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I've been searching on this but can't seem to find an exact answer (most get into more complicated things like multithreading, etc), I just want to do something like a Try, Except statement where if the process doesn't finish within X number of seconds it will throw an exception.

EDIT: The reason for this is that I am using a website testing software (selenium) with a configuration that sometimes causes it to hang. It doesn't throw an error, doesn't timeout or do anything so I have no way of catching it. I am wondering what the best way is to determine that this has occured so I can move on in my application, so I was thinking if I could do something like, "if this hasn't finished by X seconds... move on".

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When you say you're "using a website testing software" - do you mean you call it with some kind of system or pipe, as a child process, or what? (sorry if this is obvious for someone familiar with selenium, which I'm not) –  Eli Bendersky Sep 28 '10 at 8:28
    
well, it has its own API built for Python so its just importing some Selenium python classes and calling it from there, its (selenium) not a python app though as its written in javascript –  Rick Sep 28 '10 at 8:30
    
Thanks for the answers, this helped point me in the right direction, which I think is to use processes and to kill it off based on certain conditions (i.e., if it doesn't update a DB with a value indicating it has 'finished' within a certain amount of time) –  Rick Sep 28 '10 at 8:52
    
Please do not comment on your own question. Please update your question. If your update includes all your comments, please delete the useless and confusing comments. Please make the question itself complete. –  S.Lott Sep 28 '10 at 10:00

2 Answers 2

up vote 1 down vote accepted

The answer (and the question) isn't specific to the try/except statement. If you want to have an infinite loop that isn't infinite (but stops after a while), it probably shouldn't be infinite. For example, change it to use:

while time <= some_value:

Or add an extra check to the body of the loop, making it break when you want it to stop:

while True:
    ...
    if time > some_value:
        break

If that isn't possible (for example, because you don't control the loop at all), things get significantly harder. On many systems you could use signal.alarm to have a signal delivered after a period of time, and then have a signal handler for signal.SIGALRM that raises your TimeoutError exception. That may or may not work depending on what the infinite loop actually does; if it blocks signals, or catches and ignores exceptions, or in any other way interferes with the signal handler, that won't work. Another possibility would be to not do the loop in the current process, but in a separate one; you can then terminate the separate process at your whim. It won't be easy to do anything but terminate it, though, so cleanup or recovery of partial work is very hard. (Threads aren't going to work at all, because there's no way to interrupt the separate thread doing the infinite loop.)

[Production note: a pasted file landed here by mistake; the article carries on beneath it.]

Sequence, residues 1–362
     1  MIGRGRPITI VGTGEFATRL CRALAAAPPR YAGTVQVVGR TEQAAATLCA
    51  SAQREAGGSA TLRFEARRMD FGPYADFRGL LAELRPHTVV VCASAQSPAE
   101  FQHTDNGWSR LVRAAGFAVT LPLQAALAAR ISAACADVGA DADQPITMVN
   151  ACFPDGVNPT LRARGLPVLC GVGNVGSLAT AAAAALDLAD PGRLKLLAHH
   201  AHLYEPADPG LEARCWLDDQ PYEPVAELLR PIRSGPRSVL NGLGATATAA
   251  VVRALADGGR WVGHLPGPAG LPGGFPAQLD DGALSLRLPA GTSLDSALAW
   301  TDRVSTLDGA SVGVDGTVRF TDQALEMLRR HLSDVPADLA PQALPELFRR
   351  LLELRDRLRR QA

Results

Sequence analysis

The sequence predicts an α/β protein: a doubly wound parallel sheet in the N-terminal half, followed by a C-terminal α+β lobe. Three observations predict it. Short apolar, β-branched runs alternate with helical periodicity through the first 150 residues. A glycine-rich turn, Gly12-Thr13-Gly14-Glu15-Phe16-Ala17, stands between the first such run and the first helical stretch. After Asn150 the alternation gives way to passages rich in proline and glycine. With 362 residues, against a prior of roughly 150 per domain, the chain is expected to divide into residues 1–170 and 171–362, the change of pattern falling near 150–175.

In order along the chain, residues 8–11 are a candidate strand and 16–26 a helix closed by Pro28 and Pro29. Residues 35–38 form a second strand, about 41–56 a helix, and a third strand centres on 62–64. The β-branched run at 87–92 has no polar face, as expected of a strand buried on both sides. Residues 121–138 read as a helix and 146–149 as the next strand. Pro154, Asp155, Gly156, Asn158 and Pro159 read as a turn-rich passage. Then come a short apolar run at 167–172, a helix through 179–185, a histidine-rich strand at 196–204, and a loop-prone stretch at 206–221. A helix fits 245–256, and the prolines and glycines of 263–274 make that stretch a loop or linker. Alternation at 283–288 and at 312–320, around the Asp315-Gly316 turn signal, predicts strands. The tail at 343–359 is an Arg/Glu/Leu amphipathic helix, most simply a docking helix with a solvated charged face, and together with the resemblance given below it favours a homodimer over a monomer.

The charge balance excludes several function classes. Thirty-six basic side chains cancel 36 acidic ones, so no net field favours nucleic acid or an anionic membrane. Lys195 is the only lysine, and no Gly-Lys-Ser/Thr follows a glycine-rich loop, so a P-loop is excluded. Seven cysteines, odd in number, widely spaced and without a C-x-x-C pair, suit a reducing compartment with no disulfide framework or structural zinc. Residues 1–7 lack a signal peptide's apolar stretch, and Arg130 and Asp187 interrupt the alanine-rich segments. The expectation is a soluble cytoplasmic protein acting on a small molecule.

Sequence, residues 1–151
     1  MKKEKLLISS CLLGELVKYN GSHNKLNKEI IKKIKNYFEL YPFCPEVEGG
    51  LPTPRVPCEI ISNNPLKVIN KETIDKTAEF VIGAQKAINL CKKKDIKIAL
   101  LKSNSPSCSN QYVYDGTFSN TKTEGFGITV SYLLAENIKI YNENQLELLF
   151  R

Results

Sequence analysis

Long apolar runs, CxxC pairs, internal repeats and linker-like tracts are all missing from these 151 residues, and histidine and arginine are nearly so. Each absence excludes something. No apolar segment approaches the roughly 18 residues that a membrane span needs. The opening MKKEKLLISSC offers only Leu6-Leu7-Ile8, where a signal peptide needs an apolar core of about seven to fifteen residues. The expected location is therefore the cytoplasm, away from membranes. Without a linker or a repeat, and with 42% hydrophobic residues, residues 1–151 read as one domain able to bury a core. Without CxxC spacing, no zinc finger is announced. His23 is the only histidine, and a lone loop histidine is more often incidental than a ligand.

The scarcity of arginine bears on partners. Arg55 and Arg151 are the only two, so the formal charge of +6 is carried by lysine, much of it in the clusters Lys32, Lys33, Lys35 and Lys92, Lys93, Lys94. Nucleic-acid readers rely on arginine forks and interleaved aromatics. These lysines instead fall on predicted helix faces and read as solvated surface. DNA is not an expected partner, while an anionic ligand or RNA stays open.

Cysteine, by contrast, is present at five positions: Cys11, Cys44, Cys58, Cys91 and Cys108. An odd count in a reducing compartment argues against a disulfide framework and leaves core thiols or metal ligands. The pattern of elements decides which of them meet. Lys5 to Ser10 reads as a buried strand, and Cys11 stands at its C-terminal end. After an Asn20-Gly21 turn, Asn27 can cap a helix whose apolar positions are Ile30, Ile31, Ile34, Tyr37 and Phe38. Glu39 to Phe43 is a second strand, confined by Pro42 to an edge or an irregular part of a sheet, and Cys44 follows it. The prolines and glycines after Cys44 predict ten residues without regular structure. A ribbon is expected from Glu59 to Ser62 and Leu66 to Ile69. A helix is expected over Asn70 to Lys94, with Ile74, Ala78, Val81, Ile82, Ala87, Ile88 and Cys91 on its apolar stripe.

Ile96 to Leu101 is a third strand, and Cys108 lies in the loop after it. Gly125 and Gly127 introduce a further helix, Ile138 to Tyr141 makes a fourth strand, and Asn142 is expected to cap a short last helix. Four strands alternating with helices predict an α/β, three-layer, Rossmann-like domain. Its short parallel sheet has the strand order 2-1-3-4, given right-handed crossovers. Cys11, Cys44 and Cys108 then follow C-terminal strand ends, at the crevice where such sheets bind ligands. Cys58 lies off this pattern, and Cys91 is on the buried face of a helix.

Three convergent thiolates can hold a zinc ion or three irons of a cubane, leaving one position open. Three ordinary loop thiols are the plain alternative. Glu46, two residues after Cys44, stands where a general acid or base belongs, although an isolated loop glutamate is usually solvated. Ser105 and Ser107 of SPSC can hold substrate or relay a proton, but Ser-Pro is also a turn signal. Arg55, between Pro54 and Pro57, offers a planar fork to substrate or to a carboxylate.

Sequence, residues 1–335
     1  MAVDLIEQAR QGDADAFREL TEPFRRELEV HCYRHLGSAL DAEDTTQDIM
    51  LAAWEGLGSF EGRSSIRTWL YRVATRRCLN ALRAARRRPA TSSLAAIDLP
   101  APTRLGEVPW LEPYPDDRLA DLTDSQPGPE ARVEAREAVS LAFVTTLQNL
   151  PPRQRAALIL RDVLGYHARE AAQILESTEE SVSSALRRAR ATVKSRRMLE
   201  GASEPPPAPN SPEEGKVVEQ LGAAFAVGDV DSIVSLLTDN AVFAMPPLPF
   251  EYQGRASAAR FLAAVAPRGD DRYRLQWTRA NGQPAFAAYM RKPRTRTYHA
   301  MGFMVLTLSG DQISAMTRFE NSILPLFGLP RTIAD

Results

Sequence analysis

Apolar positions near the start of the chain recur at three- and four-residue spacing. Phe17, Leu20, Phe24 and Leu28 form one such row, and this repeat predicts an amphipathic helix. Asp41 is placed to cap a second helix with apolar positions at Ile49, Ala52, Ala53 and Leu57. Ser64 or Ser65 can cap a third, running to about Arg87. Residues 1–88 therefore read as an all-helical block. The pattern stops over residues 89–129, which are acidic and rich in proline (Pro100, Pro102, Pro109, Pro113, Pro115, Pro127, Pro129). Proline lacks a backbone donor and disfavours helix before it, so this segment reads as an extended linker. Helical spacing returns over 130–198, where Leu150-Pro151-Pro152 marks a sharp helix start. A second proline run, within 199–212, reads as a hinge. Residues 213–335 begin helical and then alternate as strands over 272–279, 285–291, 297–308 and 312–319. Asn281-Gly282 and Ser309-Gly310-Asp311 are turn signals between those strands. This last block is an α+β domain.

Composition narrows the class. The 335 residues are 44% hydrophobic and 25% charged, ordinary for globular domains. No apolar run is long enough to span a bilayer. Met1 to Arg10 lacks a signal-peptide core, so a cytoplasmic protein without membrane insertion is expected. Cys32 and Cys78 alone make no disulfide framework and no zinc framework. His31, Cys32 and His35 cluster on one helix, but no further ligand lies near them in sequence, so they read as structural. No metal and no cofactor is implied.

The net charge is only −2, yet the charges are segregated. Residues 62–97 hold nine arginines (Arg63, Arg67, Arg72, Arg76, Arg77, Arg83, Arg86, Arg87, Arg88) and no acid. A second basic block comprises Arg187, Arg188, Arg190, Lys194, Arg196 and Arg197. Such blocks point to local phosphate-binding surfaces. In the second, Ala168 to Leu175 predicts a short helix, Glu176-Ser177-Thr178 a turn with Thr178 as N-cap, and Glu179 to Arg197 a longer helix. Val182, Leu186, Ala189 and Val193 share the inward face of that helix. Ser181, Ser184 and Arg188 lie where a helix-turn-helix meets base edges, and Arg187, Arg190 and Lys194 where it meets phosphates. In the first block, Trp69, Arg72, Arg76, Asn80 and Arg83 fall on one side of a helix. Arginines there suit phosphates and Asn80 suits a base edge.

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I shouldn't have used an example like that, sorry for the confusion... its not really about a loop (I just thought that would illustrate what I was trying to do with a Try, Except), I added the 'EDIT:' to the post to explain what I'm doing, its an external process that hangs sometimes so its not able to give feedback so I can move past it –  Rick Sep 28 '10 at 8:26
    
Your post was definitely helpful though, its got me thinking of a way to do this using a memcache / db solution where I store a value for each loop and check back on that so I know if its finished or not, if not I just kill that "mini-process" –  Rick Sep 28 '10 at 8:29
    
Using signals as a generic timeout mechanism in Python is dangerous. See my answer at stackoverflow.com/questions/366682 (incidentally, one of many examples of SO questions marking wrong answers as solutions). –  Glenn Maynard Sep 28 '10 at 9:06

You can't do it without some sort of multithreading or multiprocessing, even if that's hidden under some layers of abstraction, unless that "process" you're running is specifically designed for asynchronicity and calls-back to a known function once in a while.

If you describe what that process actually is, it will be easier to provide real solutions. I don't think that you appreciate the power of Python where it comes to implementations that are succinct while being complete. This may take just a few lines of code to implement, even if using multithreading/multiprocessing.

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thanks for the info... I updated the OP with info about what I am doing, its not that I don't want to use multithreading, just my case is kind of unusual I think (maybe / hopefully not?) so I can't figure a solution –  Rick Sep 28 '10 at 8:21

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